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Maggie Lena Walker, 1864-1934

Maggie Lena Walker, about 1920

Maggie Lena Walker, about 1920

In 1903 Maggie Lena Walker did the unimaginable: she created a bank and hired Black women to run it. Living in the segregated South, Walker started St. Luke Penny Savings Bank and dedicated her life to African American advancement. As the only Black woman bank president in the nation, she advocated for Black working women and girls by creating jobs, funding educational institutions, and participating in prominent civil rights organizations.

Walker with accountants, 1917

Walker with accountants, 1917

Courtesy of Maggie L. Walker National Historic Site

During the early 1900s, most African American women labored in the domestic service industry. St. Luke Penny Savings Bank and the fraternal order from which it formed, the Independent Order of St. Luke, employed a record number of African American women in white-collar jobs during this time. Walker was known to be strict, not tolerating tardiness and insisting workers save or donate money to company fundraisers.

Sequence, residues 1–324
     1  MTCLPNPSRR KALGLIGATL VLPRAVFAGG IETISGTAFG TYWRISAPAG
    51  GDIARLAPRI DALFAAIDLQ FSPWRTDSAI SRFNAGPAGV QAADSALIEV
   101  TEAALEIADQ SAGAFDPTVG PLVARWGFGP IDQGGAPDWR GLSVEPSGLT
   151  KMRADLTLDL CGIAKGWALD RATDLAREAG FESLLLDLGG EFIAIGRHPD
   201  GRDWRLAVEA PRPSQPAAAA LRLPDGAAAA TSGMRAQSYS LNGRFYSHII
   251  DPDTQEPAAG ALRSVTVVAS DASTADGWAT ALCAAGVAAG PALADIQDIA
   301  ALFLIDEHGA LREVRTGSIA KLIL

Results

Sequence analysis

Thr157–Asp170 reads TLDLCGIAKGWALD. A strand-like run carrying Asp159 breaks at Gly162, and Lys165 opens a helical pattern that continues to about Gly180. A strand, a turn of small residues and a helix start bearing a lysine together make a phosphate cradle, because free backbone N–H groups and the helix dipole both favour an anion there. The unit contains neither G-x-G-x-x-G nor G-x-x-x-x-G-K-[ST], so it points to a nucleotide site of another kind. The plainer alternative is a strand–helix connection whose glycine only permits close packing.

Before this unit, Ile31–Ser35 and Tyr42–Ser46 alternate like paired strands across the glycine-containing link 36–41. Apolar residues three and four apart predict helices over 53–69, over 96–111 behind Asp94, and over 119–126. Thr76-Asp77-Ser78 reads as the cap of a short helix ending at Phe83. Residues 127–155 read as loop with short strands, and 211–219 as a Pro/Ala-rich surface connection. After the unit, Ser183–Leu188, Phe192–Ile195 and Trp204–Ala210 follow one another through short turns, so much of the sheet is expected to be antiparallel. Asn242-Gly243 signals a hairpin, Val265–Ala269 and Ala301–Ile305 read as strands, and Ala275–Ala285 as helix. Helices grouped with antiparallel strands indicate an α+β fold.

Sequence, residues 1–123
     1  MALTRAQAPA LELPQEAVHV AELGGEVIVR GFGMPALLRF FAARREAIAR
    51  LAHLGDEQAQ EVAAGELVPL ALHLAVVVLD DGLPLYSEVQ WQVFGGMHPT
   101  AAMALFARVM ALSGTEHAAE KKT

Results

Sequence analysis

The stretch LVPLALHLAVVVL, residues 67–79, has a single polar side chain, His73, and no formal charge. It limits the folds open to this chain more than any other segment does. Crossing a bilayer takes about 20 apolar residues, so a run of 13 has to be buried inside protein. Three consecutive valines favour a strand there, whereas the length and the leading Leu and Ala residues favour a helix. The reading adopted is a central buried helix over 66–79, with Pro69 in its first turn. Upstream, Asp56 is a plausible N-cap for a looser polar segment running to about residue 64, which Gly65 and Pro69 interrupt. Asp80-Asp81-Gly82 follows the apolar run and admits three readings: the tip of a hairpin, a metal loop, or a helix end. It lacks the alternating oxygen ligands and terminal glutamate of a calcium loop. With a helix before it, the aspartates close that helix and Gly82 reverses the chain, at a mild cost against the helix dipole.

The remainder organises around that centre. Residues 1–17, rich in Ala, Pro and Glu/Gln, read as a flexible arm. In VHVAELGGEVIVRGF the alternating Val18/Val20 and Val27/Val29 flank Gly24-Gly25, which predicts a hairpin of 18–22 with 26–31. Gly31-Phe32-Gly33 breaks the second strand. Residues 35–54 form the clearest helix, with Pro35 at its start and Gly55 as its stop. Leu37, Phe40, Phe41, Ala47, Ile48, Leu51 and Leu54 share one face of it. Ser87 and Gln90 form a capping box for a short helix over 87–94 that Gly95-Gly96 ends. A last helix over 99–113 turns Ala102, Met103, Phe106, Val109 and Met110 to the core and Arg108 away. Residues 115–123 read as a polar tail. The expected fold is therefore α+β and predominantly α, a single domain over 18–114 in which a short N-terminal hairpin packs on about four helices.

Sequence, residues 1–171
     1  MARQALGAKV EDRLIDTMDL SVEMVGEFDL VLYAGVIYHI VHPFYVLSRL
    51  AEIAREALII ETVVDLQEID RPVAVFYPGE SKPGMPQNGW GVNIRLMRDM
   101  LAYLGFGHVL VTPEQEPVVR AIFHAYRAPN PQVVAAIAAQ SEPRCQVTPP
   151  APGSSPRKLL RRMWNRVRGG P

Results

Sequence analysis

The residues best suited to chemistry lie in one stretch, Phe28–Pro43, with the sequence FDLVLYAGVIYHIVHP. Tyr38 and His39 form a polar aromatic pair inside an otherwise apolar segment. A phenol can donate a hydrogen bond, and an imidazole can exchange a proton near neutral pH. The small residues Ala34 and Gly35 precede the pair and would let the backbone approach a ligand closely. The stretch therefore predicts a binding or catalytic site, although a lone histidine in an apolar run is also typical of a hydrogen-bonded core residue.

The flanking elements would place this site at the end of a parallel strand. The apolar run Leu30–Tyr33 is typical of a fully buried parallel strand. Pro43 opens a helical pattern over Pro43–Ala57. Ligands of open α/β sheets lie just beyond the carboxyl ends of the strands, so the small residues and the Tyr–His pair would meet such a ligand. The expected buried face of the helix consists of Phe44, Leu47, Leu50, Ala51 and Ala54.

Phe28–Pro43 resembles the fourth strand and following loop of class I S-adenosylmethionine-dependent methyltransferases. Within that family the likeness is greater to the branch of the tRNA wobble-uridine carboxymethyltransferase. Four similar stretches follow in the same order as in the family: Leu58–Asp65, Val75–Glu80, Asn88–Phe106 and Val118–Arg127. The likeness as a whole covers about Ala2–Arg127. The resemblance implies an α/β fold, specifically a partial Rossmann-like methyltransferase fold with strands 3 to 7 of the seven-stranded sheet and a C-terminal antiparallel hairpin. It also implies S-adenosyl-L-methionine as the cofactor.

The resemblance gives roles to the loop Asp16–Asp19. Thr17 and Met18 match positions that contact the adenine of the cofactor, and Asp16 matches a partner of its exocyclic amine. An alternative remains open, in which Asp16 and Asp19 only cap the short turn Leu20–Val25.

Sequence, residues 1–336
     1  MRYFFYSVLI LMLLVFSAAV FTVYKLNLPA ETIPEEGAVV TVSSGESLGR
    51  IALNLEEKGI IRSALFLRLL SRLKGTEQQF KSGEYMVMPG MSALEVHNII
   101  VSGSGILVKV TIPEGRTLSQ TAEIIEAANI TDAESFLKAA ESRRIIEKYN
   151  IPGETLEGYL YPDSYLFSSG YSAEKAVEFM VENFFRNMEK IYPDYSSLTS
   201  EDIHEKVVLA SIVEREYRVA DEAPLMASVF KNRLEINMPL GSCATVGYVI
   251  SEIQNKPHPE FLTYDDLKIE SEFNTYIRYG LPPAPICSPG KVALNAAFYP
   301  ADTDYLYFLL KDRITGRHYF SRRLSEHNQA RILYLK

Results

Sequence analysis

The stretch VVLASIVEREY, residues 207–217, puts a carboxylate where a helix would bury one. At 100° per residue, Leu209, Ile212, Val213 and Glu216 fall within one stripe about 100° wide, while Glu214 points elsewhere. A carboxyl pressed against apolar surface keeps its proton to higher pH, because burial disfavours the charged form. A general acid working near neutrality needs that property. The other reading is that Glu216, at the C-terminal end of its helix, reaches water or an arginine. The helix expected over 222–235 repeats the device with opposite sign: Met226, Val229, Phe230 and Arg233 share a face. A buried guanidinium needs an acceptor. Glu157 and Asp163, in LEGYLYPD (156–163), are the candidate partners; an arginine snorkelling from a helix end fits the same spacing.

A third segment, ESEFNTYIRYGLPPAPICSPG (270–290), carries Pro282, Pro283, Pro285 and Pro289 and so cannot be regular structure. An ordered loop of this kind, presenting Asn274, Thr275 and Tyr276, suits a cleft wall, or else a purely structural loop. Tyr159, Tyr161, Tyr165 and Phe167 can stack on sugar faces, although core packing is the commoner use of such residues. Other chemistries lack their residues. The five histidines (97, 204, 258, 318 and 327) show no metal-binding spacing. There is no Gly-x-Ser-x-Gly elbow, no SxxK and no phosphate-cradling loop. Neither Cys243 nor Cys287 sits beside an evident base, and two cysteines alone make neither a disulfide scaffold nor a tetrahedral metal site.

Burroughs adding machine, 1911–1913 

Burroughs adding machine, 1911–1913 

Gift of Robert Vogel

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Maggie Lena Walker saw to it that St. Luke Bank used the latest banking technologies. The Burroughs Company made state-of-the-art adding machines that were used in financial businesses around the country. The bank’s accountants used machines like this in their daily work.

Walker served on the Board of Directors of the National Training School for Women and Girls in Washington, D.C., which educator Nannie Helen Burroughs established. Both women participated in important organizations such as the National Association of Colored Women and the National Association of Wage Earners. They advocated for racial, economic, and political justice for African Americans.

Receipt from National Training School for Women and Girls, 1929 

Receipt from National Training School for Women and Girls, 1929 

Courtesy of Maggie L. Walker National Historic Site